Wildlife Corridors, LLC (WC) updated some 70 attendees on recent developments at the Borderlands Wildlife Preserve in a meeting at Cady Hall in early February. The group sought participation in planning for responsible recreational use of the land adjacent to the protected corridor.
WC Managing Partner Ron Pulliam showed a series of before and after slides pertaining to the Three Canyons Subdivision. 189 residential building lots had originally been approved for this subdivision northeast of Patagonia. An important wildlife corridor, identified a decade ago in a study conducted by Northern Arizona University and funded by the Arizona Game and Fish Department, is situated in the middle of the proposed development It is used by a variety of wild animals to move between the Santa Rita and Huachuca Mountains.
Pulliam explained that after the bank took ownership of the property, a small group of investors formed Wildlife Corridors, LLC and bought the subdivision in 2014 with the intent of setting aside most of the 1345 acres as a protected wildlife corridor. The company took out a sizable mortgage on the property and identified 24 of the original lots to sell in order to repay the mortgage. The former Three Canyons subdivision was renamed Wildlife Haven. To date, about half of the available lots have been sold.
While the company is intent on minimizing the human impact on the preserve, it wants to encourage responsible use of the adjacent property for recreation and demonstration of sound ecological restoration practices. He clarified that dogs are allowed on the roads running through the property but not on the loop trail. Likewise, horses are not permitted on the loop trail but may use another trail that crosses the property. A kiosk has been installed near the new entrance to the property that will soon display maps and text that will orient visitors to the preserve, the residential area and the buffer zone separating them.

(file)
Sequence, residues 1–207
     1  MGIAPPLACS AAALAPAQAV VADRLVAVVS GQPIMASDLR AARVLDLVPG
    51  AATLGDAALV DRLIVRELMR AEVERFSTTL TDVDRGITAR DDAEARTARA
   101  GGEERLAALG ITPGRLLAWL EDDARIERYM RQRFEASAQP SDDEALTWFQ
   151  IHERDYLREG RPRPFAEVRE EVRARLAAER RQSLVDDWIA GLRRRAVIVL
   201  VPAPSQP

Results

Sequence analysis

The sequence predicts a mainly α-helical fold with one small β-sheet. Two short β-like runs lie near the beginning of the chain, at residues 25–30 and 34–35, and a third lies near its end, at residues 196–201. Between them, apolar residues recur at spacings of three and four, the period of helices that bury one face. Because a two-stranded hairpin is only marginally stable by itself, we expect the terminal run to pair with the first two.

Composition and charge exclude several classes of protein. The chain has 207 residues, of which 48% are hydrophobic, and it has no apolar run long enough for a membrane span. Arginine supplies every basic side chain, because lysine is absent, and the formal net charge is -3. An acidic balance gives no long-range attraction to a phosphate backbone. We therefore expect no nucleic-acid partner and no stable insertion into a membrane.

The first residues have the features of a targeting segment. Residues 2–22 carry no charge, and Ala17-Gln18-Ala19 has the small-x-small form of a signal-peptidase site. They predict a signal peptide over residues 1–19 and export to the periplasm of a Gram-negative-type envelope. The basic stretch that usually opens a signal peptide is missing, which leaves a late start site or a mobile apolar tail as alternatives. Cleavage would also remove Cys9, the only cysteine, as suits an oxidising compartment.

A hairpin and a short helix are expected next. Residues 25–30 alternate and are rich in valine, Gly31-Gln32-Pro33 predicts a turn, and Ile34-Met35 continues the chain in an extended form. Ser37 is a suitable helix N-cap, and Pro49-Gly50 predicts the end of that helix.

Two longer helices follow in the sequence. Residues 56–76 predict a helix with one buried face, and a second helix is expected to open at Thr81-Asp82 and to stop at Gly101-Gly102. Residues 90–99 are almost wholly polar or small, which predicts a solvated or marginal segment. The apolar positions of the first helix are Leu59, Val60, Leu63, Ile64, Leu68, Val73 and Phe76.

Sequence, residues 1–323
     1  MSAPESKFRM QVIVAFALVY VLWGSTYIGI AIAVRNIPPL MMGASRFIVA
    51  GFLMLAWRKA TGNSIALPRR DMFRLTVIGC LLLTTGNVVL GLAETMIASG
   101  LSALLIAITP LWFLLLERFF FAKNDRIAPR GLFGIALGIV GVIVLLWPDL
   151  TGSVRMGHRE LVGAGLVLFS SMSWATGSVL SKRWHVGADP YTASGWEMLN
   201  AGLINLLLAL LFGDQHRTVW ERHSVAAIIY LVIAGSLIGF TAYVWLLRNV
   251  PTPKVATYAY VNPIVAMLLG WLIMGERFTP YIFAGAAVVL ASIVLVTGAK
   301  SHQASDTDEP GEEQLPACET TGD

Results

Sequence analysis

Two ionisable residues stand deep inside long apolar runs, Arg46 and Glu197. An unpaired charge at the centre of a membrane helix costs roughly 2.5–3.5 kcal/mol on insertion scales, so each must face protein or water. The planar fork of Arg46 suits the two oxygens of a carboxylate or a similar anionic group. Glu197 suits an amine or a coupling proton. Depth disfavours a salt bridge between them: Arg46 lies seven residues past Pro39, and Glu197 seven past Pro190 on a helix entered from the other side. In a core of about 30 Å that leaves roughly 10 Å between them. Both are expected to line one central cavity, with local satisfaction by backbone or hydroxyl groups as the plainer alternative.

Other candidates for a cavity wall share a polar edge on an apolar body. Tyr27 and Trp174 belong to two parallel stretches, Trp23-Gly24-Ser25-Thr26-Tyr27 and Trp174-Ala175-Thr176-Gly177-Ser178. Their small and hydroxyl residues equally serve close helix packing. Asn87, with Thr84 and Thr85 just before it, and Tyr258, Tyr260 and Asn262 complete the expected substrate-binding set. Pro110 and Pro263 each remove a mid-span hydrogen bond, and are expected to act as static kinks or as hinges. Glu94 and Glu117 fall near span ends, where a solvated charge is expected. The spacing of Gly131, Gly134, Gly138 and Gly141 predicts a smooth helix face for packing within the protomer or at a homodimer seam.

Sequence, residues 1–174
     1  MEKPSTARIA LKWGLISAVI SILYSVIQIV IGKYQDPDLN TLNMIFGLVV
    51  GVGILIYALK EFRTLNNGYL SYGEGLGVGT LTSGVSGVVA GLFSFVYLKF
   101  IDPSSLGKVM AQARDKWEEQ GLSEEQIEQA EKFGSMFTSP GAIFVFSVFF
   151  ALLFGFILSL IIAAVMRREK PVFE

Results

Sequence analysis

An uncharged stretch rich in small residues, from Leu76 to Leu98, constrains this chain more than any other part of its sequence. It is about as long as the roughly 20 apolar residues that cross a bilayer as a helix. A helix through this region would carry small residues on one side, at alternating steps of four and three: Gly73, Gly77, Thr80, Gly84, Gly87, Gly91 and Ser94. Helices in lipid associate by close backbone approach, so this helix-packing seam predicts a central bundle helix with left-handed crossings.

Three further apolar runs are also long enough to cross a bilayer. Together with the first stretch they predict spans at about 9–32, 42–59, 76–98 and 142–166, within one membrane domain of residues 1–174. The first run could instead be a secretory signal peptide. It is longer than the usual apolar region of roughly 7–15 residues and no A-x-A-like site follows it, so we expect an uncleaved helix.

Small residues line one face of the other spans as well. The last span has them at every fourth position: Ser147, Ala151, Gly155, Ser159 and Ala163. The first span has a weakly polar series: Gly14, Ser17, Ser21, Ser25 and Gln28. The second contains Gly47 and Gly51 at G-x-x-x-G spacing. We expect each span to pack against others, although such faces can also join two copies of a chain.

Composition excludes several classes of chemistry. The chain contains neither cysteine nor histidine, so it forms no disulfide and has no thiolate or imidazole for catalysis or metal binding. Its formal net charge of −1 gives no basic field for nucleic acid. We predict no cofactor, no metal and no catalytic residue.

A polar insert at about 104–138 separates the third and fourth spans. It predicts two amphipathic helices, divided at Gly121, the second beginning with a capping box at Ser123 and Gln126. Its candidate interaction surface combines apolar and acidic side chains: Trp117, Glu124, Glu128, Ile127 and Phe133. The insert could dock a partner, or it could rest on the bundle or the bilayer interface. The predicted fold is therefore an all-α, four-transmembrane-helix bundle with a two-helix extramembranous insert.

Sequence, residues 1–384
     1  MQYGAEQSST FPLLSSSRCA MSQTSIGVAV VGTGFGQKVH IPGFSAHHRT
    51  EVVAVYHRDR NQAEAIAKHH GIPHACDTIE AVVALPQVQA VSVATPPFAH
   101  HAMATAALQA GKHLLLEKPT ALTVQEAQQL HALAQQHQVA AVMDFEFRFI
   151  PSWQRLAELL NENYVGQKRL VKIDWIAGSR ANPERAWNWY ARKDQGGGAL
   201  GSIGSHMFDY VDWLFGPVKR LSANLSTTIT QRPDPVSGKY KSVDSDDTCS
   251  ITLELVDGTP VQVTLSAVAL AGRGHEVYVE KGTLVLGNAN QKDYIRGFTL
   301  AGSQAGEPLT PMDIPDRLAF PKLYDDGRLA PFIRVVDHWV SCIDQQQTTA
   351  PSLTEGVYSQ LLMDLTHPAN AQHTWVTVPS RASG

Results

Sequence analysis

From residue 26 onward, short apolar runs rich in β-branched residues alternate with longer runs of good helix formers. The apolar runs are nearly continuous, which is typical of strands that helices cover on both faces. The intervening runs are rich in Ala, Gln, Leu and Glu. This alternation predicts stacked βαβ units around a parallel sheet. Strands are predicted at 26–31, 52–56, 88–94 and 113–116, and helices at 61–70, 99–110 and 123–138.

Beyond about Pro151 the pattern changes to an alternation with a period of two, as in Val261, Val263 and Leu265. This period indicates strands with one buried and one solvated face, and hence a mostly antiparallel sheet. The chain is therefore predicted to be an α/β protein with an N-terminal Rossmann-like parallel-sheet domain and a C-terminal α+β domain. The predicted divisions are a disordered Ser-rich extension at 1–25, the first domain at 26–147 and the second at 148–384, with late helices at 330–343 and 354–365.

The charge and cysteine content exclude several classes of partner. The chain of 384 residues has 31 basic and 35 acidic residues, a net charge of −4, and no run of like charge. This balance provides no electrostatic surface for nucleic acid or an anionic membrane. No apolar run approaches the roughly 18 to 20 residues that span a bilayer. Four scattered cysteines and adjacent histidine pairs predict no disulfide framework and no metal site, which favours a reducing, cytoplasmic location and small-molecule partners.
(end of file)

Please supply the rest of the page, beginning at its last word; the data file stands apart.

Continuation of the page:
During his talk, Pulliam showed photos of some of the animals captured by cameras placed adjacent to each of the three dripping stations the company has installed in Smith Canyon. He estimated that roughly 70,000 images have been have captured over the past few years and called for volunteers who would like to get involved with efforts to establish and maintain a data system to document and report on the wildlife activity in the corridor.
After laying out the history of the project and the importance of protecting the corridor, Pulliam called on Lynn Davison, President of Borderlands Restoration Network (BRN), who explained how that nonprofit entity had been created to coordinate the work of four partner entities. The partners are Borderlands Restoration, L3C, a social limited profit company; Cuenca Los Ojos, a nonprofit binational organization specializing in protecting wild areas and restoring degraded ranchland; Deep Dirt Farm Institute, a teaching and demonstration farm that utilizes permaculture practices; and Wildlife Corridors, LLC.
Francesca Claverie, BRN’s Manager of Native Plants, spoke about a project currently underway to plant agaves throughout the corridor as well as on other properties. Lily Christopher then described restoration work being carried out within the corridor by high school youth. Chris Strohm, leader of the trail building crew known as the Dirtbags, described the crew’s work over the last several years, including creation of the two-mile Smith Canyon Loop Trail which traverses both ridges that form Smith Canyon and asked for volunteers to join the group.
Anyone who would like information about Wildlife Corridors or any of the BRN-related organizations is invited to contact Kate Peake, BRN Communications and Development Officer, at email@example.com or (520) 216-4148